I can’t believe it’s already been a month since my last summer festival participation. There was little time to recover and shift right into teaching mode! Fall, Winter, and Spring sessions I offer mixed media encaustic classes at the Evanston Art Center and North Shore Art League.
My one remaining exhibition scheduled for 2019 is the One of a Kind Holiday Show at the Chicago Merchandise Mart. This will be my first indoor, holiday season venue in Chicago and I have been working hard on what to bring… what would fall into the “gift” category, and what would make my display stand out.
The 10 foot back wall will have over 70 Buddhas, side walls with miniature paintings in 10″x10″ shadowbox frames and nature inspired impressionistic landscapes.
70 completed Buddha paintings to date, (with a few more in the works) can be previewed here – 70 Buddha Oct. 12
The miniature paintings are mostly landscapes and places I’ve visited that inspired me, with a few other miscellaneous subjects.
I am looking forward to participating at an indoor venue (weather as a non-issue) plus exhibiting during one of the best times of year!
It is always a physical and mental challenge when I participate in summer outdoor festivals, from the packing and loading of work to exhibit, the loading of tent and panels required in order to hang and display work, to the unpacking and setup at the actual festival, and then the re-packing and re-loading (and unloading back at home) on Sunday night after the festival weekend is over. The one thing I can never control is the weather, and I have many sleepless nights right before a festival weekend when the weather is not looking festival-friendly. What a huge relief to survive torrential downpours this past weekend!
I have always tried to stay physically fit in order to do what is required, and after having just completed another exhibition two days ago, I admit I am physically and mentally drained. Several factors that feed into sustaining required energy levels throughout a show weekend are a combination of art sales, meeting new patrons and potential students, with the added bonus of winning an award juried by the show promoter… I just won an “outstanding achievement” award at this last show from Amy Amdur.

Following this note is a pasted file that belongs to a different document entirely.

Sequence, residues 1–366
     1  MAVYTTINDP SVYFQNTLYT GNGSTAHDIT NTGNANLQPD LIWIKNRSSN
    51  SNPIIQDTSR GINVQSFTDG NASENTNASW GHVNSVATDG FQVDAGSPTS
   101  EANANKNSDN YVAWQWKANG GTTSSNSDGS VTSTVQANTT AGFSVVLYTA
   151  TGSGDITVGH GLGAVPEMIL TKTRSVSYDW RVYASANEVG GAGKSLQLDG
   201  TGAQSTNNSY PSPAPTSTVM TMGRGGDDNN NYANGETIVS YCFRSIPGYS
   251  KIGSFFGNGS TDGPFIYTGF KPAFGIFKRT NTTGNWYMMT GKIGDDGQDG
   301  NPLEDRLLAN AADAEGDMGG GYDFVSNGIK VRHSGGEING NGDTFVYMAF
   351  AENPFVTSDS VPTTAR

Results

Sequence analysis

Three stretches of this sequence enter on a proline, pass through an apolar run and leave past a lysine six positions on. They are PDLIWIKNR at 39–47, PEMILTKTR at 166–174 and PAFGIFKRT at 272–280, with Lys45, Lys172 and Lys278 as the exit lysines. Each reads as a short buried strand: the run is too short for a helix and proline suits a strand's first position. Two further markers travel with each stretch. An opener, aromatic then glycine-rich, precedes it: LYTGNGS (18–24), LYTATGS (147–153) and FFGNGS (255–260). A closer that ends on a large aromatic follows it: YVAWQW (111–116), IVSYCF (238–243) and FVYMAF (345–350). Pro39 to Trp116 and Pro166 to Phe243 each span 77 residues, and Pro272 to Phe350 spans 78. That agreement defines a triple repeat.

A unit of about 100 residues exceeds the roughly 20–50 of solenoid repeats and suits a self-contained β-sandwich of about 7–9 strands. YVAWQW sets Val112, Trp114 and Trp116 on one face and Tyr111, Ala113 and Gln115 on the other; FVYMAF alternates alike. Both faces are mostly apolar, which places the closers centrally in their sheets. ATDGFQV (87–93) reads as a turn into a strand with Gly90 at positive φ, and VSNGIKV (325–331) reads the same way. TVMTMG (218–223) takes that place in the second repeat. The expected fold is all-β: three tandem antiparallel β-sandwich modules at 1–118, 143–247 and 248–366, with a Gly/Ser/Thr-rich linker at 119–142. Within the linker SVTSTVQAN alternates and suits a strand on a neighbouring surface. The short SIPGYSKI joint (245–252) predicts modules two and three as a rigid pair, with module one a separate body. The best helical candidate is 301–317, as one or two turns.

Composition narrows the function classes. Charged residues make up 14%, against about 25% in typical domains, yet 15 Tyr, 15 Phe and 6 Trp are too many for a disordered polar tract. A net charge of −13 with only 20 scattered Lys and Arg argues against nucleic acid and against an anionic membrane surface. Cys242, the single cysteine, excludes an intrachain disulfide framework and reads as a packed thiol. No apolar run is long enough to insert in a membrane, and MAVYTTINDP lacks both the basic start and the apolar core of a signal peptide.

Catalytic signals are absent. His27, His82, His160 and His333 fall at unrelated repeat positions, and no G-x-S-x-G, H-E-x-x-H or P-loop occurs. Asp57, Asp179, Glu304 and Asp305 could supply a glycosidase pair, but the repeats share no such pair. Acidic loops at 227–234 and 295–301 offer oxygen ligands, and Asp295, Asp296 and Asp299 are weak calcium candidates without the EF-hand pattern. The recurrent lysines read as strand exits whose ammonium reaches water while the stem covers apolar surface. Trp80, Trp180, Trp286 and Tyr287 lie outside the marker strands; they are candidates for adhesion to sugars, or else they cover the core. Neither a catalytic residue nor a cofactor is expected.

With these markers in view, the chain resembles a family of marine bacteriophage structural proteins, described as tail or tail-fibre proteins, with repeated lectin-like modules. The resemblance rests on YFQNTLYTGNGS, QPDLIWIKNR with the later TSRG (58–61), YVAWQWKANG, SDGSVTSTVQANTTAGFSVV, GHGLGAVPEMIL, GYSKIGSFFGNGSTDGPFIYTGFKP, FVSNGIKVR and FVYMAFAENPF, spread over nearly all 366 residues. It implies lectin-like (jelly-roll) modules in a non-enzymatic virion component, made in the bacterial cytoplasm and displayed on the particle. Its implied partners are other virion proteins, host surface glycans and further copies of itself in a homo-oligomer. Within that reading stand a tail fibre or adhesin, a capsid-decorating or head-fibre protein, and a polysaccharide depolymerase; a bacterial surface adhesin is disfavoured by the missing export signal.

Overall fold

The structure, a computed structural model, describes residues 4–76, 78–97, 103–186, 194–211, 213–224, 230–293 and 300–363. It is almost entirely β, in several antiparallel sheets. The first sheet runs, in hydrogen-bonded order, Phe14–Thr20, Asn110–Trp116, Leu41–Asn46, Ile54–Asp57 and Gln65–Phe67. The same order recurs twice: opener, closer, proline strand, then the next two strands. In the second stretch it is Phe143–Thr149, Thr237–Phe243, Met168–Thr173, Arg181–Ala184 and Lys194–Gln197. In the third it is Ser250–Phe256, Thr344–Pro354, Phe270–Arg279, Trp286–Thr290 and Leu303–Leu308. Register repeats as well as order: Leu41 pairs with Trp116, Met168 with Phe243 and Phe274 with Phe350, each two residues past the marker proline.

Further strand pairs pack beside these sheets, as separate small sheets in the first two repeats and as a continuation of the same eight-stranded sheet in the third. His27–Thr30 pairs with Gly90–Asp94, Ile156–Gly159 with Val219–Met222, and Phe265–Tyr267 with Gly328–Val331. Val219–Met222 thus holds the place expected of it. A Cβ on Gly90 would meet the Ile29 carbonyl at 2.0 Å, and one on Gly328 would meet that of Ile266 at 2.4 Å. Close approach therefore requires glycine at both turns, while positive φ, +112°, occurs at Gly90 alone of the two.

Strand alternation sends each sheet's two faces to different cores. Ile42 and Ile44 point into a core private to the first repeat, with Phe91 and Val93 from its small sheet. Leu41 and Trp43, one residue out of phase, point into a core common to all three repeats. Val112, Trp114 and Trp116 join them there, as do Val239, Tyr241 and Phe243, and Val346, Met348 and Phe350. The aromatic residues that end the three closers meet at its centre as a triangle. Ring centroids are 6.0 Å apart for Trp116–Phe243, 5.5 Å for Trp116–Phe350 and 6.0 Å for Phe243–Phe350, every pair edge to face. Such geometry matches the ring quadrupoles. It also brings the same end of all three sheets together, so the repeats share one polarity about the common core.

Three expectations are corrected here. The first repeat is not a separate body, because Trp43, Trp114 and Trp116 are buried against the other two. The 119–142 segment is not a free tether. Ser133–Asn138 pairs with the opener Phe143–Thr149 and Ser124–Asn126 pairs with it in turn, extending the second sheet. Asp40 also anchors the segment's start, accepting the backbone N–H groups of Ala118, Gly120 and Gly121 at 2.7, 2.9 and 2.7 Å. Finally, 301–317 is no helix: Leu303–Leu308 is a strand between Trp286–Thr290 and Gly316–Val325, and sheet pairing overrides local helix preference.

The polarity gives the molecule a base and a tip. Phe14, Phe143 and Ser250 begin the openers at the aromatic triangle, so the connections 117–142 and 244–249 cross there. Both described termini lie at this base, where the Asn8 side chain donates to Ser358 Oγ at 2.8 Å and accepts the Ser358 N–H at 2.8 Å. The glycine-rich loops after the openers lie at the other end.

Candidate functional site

I don’t exhibit again until weekend of September 14 and fortunately the Lakeview Festival of Arts is right in my neighborhood, no commuting makes everything a little easier. Lots of time to rest, organize new work, and gear up for my last festival of the outdoor summer season.
I am in the midst of summer art festival season and now have a three week break before my next exhibition in Evanston. I already started work on new miniature paintings, (they were a big hit at my last show on Michigan Avenue). I also plan on painting more Buddhas in order to completely fill one wall in my tent. The Buddhas have become an installation wall and more often than not I sell multiple pieces, allowing patrons to create the same installation effect in their homes.
The most stressful part of participating in outdoor festivals, for me, is always the weather… it’s the one thing out of my control! Last weekend, it was humid and rainy for all three days, although I was grateful there was minimal attendance despite the dreary weather. My tent began leaking in several different areas, I’ve already replaced it and thanks to Amazon Prime it was delivered today. Now I need to practice setting it up in order to guarantee I’ll know what to do at the next show.
I’m convinced if I wasn’t passionate about meeting people, summer weather, and encaustic painting, I’d find an easier way to share my work with the world. Professional artists are always talking about the various ways to exhibit, from high end galleries, in local and national art shows, to walls in restaurants and coffee houses, and everything in between, but I choose to be my own gallery at these festivals. Galleries usually earn 50% commission (well worth it if they do a good job bringing in patrons you wouldn’t otherwise have access to), but if you are willing to do the work, it feels good to keep 100% of a sale.
May is the month when I finalize my plans for upcoming summer festival season. I confirm I have enough work to fill my 10″x10″ tent space, and I usually try to create new marketing materials to promote the shows. This year I created a poster featuring the Face of Buddha in addition to my usual postcard announcement. I know when I display this series on the walls in my booth space the small 10″x8″ paintings make a striking impact as a group installation rather than as individual paintings and that is the theme I used for this years PR materials.
I also had to re-design my announcement card after I received word I was taken off the waiting list and accepted into the Port Clinton show. I’m scheduled to exhibit in five festivals this summer and will need to make sure my Buddha installation doesn’t dwindle by August. I will happily welcome (and be prepared to create new work all summer) if I have the problem of running low inventory because of too many sales!